Simplest dances

The sevillanas are usually the first dance that is taught. The main reason for this is that it is the only palo (form) that has a set choreography, even though some steps may be different depending on what school you go to. It is one of the dance forms that is most complete; it includes zapateado, rotations, marcajes (emphatic, slow majestic movements that mark the lyrics, predominantly using the arms), cierres (signals that indicate the end of a part of the dance and the start of another)… and, furthermore, it is also the best dance for learning to coordinate the arms and feet. Sevillanas also represent a good way to get used to following the music because they have a simple and well marked meter that is easy to follow and to learn, because the coplas (poetic compositions, in verse, used as lyrics) and choruses are repeated several times. Another advantage is that it is a dance for couples, which makes it more enjoyable and quicker to learn. It is also one of the dances that can be used most often outside of the dance school. Once they have learned them properly, students can focus on their castanet accompaniment.

The fandango de Huelva is the next dance that is usually taught. It shares some steps with the sevillanas, and has the same three-beat meter. It is also a popular dance which includes several coplas (poetic compositions, in verse, used as lyrics) and a chorus, which are easy for our ears to get accustomed to. Like sevillanas, it too can be accompanied using castanets.

Another palo (form) that is easy to follow are tanguillos. Learning this dance, you make progress in the technique of the zapateado, and you also come into contact with the four-beat meter for the first time. The rumba also has the same meter, but it is not usually taught in dance schools because it is a dance form that lacks flamenco depth and is better suited to improvisation.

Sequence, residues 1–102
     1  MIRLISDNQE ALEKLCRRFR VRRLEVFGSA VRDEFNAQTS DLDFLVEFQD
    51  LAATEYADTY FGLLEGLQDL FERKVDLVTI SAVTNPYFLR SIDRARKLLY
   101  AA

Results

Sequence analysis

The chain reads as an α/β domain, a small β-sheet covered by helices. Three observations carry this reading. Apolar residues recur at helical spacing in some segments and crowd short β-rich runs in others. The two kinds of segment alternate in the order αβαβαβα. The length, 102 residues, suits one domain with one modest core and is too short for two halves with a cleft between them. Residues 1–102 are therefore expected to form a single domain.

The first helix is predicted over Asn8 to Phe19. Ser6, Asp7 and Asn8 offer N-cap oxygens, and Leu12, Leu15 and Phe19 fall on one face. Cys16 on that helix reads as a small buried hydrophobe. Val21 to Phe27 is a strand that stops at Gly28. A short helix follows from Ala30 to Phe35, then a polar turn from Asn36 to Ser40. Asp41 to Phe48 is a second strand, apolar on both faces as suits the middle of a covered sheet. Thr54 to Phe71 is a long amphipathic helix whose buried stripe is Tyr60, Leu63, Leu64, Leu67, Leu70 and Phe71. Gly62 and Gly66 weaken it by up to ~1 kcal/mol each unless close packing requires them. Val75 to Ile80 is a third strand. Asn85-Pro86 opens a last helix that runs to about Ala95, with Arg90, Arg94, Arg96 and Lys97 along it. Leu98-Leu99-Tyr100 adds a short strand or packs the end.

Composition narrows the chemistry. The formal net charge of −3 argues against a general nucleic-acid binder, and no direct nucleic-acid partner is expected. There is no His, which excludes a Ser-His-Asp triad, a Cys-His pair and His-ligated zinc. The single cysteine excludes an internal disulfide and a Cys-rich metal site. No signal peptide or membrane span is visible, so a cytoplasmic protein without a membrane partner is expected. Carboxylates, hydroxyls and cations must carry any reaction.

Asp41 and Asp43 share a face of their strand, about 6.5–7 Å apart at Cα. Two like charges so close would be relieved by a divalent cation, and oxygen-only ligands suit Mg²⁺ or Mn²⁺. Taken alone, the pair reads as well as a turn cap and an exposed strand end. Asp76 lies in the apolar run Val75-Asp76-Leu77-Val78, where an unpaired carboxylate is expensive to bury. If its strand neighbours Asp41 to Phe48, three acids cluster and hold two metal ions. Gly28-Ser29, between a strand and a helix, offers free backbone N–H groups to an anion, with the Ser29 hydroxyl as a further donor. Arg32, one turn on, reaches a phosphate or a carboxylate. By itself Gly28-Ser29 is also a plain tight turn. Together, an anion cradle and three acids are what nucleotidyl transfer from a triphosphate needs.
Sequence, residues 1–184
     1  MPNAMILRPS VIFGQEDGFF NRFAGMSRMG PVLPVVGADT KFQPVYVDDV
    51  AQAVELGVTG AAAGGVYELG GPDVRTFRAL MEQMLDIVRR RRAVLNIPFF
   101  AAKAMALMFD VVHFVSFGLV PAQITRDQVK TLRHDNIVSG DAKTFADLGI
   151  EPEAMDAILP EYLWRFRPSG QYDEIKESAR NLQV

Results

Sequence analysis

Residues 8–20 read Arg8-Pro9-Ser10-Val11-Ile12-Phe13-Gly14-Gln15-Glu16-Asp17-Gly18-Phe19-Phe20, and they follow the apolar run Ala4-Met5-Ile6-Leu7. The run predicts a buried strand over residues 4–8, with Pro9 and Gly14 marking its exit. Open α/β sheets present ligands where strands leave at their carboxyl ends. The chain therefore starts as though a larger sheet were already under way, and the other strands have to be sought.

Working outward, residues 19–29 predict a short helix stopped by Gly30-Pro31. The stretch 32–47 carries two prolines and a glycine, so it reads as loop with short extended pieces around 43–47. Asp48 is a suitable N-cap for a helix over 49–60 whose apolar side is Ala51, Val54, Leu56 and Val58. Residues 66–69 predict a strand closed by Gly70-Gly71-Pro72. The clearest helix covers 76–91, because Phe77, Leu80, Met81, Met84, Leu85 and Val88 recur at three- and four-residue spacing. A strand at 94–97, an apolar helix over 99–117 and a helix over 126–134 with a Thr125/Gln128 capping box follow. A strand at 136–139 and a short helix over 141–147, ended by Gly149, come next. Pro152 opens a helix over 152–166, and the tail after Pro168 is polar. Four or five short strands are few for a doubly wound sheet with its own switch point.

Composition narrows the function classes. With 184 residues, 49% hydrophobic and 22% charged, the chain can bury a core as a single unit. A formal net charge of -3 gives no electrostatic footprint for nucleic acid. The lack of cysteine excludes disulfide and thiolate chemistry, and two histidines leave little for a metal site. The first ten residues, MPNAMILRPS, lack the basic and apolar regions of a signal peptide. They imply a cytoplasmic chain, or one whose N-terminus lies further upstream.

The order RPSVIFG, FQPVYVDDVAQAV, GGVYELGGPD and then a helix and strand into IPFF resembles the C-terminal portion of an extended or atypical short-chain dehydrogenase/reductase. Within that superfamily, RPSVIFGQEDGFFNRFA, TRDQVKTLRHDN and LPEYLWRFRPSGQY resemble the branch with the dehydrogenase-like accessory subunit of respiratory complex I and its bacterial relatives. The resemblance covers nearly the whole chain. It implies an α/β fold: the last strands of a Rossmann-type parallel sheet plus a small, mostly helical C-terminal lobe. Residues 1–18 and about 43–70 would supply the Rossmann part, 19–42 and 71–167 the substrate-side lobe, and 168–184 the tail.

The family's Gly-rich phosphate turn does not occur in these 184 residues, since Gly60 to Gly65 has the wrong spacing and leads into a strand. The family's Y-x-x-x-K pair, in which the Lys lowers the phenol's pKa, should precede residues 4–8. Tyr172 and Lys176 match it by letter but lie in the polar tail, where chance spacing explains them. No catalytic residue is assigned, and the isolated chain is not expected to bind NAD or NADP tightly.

Medium difficulty dances

The tangos and tientos also follow a four-beat meter. With these dances, a greater degree of expressiveness and elegance is required when it comes to their execution. The meter is easy to follow, but the movements are more elaborate, and it is important to execute them in a natural and fluent manner.

The next step would be to go into the group of the cantes de Cádiz to study the twelve-beat meter. The alegrías, cantiñas, romeras, mirabrás, and caracoles belong to this group. With these dances, it is possible to go deeper into the structure and the order of execution of the different flamenco steps (llamada, cierre, remate, escobilla, marcaje, desplante). The zapateados start to get more complicated.

Difficult dances


Following a twelve-beat meter, we come to the soleá and we reach the part that is most difficult in flamenco, that is, executing the dance with feeling and solemnity. In addition to the structure of the dance and the complexity of the zapateado, now there are also arm movements, ondulations of the hips and swerving waistlines that are laden with majesty and artistry. It can be danced with a shawl. Within the group that has a twelve-beat meter and a similar level of difficulty, we also find other dances like the martinete, guajira, caña…

Another dance that has a twelve-beat metre is the bulería, a festive dance that can only be approached once the ear has grown very accustomed to following the meter. Furthermore, in this case the ease with which we are able to improvise or execute movements gracefully comes into play. If we intend to zapatear, we must do so at speed, as the rhythm is faster than in other dances.

The seguiriya is another twelve-beat palo (form), but it follows a mixed or alternate meter. The measure is somewhat complex, and it takes time to get used to. Furthermore, it is a stylised dance form that does not allow easy adornment and that must be performed in a sober manner. It switches between several kinds of steps and, to cap it all, it can be complicated further by adding castanet accompaniment, or by using the tailed gown or the shawl. It is among the most difficult dances.
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